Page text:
The hygiene hypothesis assumes the presence of an inverse relationship between infections during childhood and the development of atopic disorders that is accompanied by a shift from Th2 response to a Th1 response [4,5,6,7,8,9]. Clinical and epidemiologic studies have shown that the increasing prevalence of allergic disorders such as asthma, allergic rhinitis, food allergy, eczema and allergic conjunctivitis has an inverse relationship to parasitic infection [10,11,12,13,14]. In several helminthic diseases, IgE is involved in protection of the host against the parasitic agent, consistent with the hypothesis that parasitic infection competes for the IgE-Th2 lymphocyte–eosinophil response . A study highlighted the concept that common domains may exist between species that stimulate the Th2 pathway response (parasites and common allergens), examining some common conserved domains (amino acid sequences) . Thus, helminths are modulators of the host immune system, and infections with these parasites have been associated with protection against allergies and autoimmune disease . However, another study observed a positive association between number of helminth infections and peripheral blood eosinophilia, elevated total IgE, spontaneous production of IL-10 and helminth antigen-stimulated production of Th2 cytokines . An increasing number of helminth infections induces a dose–response effect on allergic inflammatory markers and thus allows us to link these infections to allergic diseases, such as atopic dermatitis. Moreover, the study cited above shows the role of helminth infections on Th2 immune response (e.g. the production of Th2 cytokines by peripheral blood leukocytes stimulated with helminth antigens and the peripheral blood eosinophilia) and on the increase in stimulated IL-10 production which could play a role in the suppression of immediate hypersensitivity reactions in the skin. The present case shows that the role of infection from A. lumbricoides in patients with long-lasting dermatitis should not be overlooked. Suitable anti-helminthic treatment may result in complete recovery from the disease. Further studies are needed to understand the molecular mechanisms by which this immune modulation occurs, to explain the complex relationship between ascariasis and susceptibility to childhood atopic dermatitis.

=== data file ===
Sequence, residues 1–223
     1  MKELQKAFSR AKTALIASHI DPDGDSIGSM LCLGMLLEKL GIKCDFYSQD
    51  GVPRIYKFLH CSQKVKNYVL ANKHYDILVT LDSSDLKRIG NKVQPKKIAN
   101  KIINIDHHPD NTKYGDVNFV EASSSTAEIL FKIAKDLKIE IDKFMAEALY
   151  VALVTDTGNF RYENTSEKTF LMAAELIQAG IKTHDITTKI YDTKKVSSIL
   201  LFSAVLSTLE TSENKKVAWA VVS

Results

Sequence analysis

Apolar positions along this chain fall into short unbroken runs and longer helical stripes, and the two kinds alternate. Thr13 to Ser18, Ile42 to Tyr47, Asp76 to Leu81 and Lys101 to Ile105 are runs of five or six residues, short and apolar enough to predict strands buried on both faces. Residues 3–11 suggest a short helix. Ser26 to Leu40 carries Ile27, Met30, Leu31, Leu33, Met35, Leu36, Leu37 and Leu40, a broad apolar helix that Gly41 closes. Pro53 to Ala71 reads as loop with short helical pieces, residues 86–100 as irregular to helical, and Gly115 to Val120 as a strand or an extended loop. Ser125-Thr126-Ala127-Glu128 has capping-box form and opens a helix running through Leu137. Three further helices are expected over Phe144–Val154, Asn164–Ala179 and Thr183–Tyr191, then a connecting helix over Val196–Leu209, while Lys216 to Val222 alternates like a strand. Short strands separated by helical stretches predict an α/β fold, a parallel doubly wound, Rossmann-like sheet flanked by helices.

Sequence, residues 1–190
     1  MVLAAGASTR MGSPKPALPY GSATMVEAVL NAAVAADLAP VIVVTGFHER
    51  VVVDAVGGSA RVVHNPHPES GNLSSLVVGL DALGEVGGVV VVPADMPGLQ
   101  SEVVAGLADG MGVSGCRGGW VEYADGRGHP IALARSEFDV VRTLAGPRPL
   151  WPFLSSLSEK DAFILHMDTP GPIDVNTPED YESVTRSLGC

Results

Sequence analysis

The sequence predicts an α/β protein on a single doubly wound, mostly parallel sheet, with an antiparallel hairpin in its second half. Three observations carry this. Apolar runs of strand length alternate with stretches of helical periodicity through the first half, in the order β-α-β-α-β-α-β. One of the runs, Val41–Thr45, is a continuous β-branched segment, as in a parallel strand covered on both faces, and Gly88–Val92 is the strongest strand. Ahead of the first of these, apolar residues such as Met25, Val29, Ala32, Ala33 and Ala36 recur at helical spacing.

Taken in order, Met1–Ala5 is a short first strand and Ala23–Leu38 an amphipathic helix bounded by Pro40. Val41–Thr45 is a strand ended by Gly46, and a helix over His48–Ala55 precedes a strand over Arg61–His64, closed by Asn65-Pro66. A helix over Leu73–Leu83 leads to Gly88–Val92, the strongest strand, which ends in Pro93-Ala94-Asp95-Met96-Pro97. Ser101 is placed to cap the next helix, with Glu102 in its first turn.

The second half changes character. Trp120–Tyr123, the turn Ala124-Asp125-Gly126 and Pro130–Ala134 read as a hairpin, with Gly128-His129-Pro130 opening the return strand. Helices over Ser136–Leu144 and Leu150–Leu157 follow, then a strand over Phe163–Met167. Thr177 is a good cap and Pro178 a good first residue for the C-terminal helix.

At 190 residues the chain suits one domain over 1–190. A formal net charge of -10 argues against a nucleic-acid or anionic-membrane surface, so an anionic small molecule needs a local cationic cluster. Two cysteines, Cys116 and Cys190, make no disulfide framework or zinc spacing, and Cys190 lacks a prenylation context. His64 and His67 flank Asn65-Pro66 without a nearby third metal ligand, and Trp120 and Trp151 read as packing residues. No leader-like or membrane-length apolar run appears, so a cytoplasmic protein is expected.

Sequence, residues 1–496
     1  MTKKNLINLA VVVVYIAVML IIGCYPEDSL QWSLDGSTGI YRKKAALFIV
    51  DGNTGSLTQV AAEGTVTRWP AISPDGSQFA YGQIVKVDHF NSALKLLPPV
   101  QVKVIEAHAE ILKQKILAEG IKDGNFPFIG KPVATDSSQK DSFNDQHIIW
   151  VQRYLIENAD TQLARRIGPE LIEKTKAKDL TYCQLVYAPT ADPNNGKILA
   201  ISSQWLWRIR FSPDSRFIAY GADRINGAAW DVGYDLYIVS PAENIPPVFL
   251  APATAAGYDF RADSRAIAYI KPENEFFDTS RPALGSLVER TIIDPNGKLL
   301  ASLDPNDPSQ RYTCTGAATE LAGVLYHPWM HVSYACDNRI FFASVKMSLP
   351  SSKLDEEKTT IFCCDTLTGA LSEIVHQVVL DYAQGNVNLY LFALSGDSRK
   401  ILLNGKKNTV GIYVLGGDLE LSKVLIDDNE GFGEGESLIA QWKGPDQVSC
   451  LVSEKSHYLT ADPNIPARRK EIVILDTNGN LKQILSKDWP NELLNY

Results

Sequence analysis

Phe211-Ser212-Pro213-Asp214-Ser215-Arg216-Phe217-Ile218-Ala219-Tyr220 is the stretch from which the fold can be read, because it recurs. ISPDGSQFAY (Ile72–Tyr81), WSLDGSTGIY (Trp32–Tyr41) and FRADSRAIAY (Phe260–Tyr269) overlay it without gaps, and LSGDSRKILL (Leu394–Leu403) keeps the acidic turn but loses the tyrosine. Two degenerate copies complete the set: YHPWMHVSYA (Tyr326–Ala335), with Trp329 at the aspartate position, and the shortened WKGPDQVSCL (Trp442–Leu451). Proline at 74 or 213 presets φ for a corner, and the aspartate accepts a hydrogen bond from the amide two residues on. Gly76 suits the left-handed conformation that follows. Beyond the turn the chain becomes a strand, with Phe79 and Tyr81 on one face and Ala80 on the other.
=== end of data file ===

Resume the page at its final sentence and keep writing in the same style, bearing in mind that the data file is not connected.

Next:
Asher MI, Montefort S, Björkstén B, Lai CK, Strachan DP, Weiland SK, et al. Worldwide time trends in the prevalence of symptoms of asthma, allergic rhinoconjunctivitis, and eczema in childhood: ISAAC Phases One and Three repeat multicountry cross-sectional surveys. Lancet. 2006;368:733–43.
Qualizza R, Incorvaia C, Grande R, Makri E, Allegra L. Seroprevalence of IgG anti-Toxocara species antibodies in a population of patients with suspected allergy. Int J Gen Med. 2011;4:783–7.
de Lima Corvino D, Bhimji S. Ascariasis. Treasure Island: StatPearls Publishing; 2017.
Lynch NR, Hagel I, Perez M, Di Prisco MC, Lopez R, Alvarez N. Effect of anthelmintic treatment on the allergic reactivity of children in a tropical slum. J Allergy Clin Immunol. 1993;92:404–11.
Mitre E, Norwood S, Nutman TB. Saturation of immunoglobulin E (IgE) binding sites by polyclonal IgE does not explain the protective effect of helminth infections against atopy. Infect Immun. 2005;73:4106–11.
Wilson MS, Maizels RM. Regulation of allergy and autoimmunity in helminth infection. Clin Rev Allergy Immunol. 2004;26:35–50.
Correale J, Farez MF. The impact of environmental infections (parasites) on MS activity. Mult Scler. 2011;17:1162–9.
Okada H, Kuhn C, Feillet H, Bach JF. The ‘hygiene hypothesis’ for autoimmune and allergic diseases: an update. Clin Exp Immunol. 2010;160:1–9.